Am Tage aller Seelen (Litanei) D.343 Franz Schubert
Mozart's Piano Concerto No. 23 is a typical example of his craft, and of the classical period's best work. Find out exactly why this, one of his latest, is among the best.
The piano concertos of Mozart are one of the greatest examples of the blending of practical musicianship with sheer musical genius, and No. 23 is no exception. They run from mere childhood offerings, which are themselves still wonders to behold, via the great masterpieces of Mozart’s Viennese years, right through to his final years, when his concertos were marked out as coming from the pen of a genius.
He composed his Piano Concerto No. 1 when he was eleven years old and Piano Concerto No. 27 when he was near death at the age of thirty-five. Piano Concerto No. 23 comes right smack-bang in that Viennese masterpiece period. It was probably written around the same time as his opera The Marriage of Figaro was premiered, and was almost certainly included in one of Mozart’s numerous but necessary subscription concerts. Indeed, around twelve of the twenty-seven concertos were composed across a two-year period from 1784 to 1786, when Mozart would have been between twenty-eight and thirty. As with many of his piano concertos, it is a very positive-sounding work, nearly always trying to look on the bright side.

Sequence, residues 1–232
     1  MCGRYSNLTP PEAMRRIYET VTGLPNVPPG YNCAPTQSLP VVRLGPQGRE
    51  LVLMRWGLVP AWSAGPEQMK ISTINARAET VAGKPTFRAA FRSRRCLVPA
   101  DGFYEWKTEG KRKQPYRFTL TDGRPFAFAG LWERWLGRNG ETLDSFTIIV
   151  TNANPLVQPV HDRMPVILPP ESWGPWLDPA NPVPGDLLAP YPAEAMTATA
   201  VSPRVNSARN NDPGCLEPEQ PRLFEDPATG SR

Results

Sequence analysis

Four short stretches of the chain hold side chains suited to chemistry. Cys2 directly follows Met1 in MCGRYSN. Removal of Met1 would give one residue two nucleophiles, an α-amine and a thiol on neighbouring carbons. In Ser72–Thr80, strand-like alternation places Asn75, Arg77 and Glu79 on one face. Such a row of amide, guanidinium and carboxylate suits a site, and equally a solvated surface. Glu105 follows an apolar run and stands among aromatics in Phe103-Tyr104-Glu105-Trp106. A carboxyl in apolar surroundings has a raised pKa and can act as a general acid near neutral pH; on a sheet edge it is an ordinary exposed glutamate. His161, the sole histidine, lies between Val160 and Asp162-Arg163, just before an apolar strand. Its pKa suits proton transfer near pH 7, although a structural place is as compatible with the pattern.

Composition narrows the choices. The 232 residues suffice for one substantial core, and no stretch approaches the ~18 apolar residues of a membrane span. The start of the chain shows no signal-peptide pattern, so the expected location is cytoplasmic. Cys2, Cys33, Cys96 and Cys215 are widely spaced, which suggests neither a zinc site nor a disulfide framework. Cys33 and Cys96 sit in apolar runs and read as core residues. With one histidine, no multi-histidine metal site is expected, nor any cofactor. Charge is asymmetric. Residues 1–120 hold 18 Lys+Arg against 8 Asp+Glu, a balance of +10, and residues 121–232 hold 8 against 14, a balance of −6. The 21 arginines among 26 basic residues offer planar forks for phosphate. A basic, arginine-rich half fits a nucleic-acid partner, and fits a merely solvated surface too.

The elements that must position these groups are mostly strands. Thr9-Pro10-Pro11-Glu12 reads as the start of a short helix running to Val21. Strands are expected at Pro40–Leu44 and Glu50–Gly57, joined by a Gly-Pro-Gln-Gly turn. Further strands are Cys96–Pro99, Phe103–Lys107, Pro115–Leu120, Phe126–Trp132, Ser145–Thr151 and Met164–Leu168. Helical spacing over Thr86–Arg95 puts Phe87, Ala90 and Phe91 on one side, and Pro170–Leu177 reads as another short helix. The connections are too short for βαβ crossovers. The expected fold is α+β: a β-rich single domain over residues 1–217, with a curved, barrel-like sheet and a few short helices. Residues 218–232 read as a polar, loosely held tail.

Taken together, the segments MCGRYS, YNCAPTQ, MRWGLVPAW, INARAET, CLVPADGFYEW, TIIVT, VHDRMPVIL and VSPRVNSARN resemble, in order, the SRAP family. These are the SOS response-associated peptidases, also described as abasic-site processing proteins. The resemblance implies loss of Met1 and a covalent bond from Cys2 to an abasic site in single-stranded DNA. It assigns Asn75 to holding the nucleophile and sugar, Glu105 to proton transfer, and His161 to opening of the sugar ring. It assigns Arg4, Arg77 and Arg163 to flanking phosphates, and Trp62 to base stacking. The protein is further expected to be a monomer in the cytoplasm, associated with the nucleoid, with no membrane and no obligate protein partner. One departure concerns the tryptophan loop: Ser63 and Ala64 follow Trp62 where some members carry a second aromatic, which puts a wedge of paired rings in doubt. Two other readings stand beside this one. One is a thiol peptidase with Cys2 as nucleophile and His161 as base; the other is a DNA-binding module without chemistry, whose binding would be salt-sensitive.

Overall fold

Illustration: Mark Millington